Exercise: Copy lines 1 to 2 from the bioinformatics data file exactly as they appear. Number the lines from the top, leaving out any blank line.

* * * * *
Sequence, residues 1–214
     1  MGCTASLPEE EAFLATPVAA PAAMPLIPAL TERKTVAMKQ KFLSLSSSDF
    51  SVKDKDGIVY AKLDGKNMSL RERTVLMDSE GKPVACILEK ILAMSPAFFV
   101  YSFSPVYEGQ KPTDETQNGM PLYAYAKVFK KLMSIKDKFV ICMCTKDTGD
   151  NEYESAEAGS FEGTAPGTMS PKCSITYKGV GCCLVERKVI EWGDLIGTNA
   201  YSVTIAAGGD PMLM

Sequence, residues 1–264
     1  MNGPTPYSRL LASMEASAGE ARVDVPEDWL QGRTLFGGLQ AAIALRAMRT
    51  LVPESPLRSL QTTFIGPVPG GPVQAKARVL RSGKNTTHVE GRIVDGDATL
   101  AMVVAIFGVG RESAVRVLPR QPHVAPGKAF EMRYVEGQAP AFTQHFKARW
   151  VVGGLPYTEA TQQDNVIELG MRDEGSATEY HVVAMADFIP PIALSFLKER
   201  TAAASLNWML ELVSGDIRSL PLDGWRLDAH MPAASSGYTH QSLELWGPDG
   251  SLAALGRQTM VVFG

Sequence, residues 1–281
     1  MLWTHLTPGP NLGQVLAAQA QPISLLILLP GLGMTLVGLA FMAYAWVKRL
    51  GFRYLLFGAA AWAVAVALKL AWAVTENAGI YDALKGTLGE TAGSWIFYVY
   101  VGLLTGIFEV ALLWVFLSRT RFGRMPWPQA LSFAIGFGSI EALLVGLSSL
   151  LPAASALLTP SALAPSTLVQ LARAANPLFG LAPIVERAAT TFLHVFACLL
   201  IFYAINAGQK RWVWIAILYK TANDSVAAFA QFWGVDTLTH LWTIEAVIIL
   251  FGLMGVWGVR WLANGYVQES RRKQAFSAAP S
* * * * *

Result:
Sequence, residues 1–214
     1  MGCTASLPEE EAFLATPVAA PAAMPLIPAL TERKTVAMKQ KFLSLSSSDF